Maybe it's because of the semi-club-ready instrumental (which 40 samples from a remix of Gil Scott-Heron's “I'll Take Care Of You” from Jamie xx, who receives co-production credit), but Rihanna sounds a lot like Dev, that chick who works alongside production duo The Cataracts and likes her bass down low when she's drinking. This title track is oddly distancing: it might as well be running away from you while it plays out. The guest star, who clearly doesn't need to put this shit on her resumé, sounds interchangeable; Drake's bars are devoid of, well, everything; and the audience is ultimately left with two distinct feelings: emptiness and annoyance, specifically of the “really fucking” kind. “Take Care” is all style, no substance, and it loses the plot about twenty minutes before the track ever begins. Bleh.
6. MARVIN'S ROOM
Some critics believe that it was kind of ballsy for Aubrey to release a song (and include it on his sophomore album, recorded at a time when he's still actively courting his audience) where he is portrayed as a complete fucking asshole who wants to break up his ex-girlfriend's new happy relationship. Just to get a quick piece? Just to fuck with her head? All of the above? Probably. Here's the thing: I am not some critics. I don't think that “Marvin's Room” is especially different from anything else Drake has released to date: the man has never been afraid to reveal his feelings, regardless of how the listener may react and regardless of how he comes across. In that respect, I can agree with our host: an artist shouldn't be overly concerned with how he appears as long as the message resonates. 40's minimalist beat is as cold and calculated as Drake's ulterior motives, which involve bragging about how many girls he's fucked this week and having that somehow cause his ex to drop the panties. “Are you drunk right now?”, the female voice mumbles throughout, and “Marvin's Room” is a surprisingly coherent inebriated response. There aren't many rappers not named Kanye West or KiD CuDi who would ever even attempt to write this kind of song, so Drake deserves some kudos for that. Only some, though: I could go the rest of my life never listening to this track a second time, and I would be just fine.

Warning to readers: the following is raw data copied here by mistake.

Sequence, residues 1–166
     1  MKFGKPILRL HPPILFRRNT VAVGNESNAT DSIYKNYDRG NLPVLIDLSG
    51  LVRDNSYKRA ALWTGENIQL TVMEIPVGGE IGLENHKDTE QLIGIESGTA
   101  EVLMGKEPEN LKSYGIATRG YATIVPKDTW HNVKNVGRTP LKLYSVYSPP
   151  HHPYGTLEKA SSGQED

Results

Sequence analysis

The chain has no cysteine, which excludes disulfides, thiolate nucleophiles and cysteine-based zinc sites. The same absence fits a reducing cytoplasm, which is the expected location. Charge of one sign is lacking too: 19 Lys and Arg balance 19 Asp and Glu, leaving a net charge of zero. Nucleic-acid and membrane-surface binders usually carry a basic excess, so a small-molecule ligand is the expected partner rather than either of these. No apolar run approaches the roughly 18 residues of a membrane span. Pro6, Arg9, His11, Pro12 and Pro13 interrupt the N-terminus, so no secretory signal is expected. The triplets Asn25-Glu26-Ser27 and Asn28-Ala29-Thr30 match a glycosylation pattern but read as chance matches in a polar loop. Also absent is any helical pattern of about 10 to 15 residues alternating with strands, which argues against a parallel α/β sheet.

7. BURIED ALIVE (INTERLUDE) (FEAT. KENDRICK LAMAR)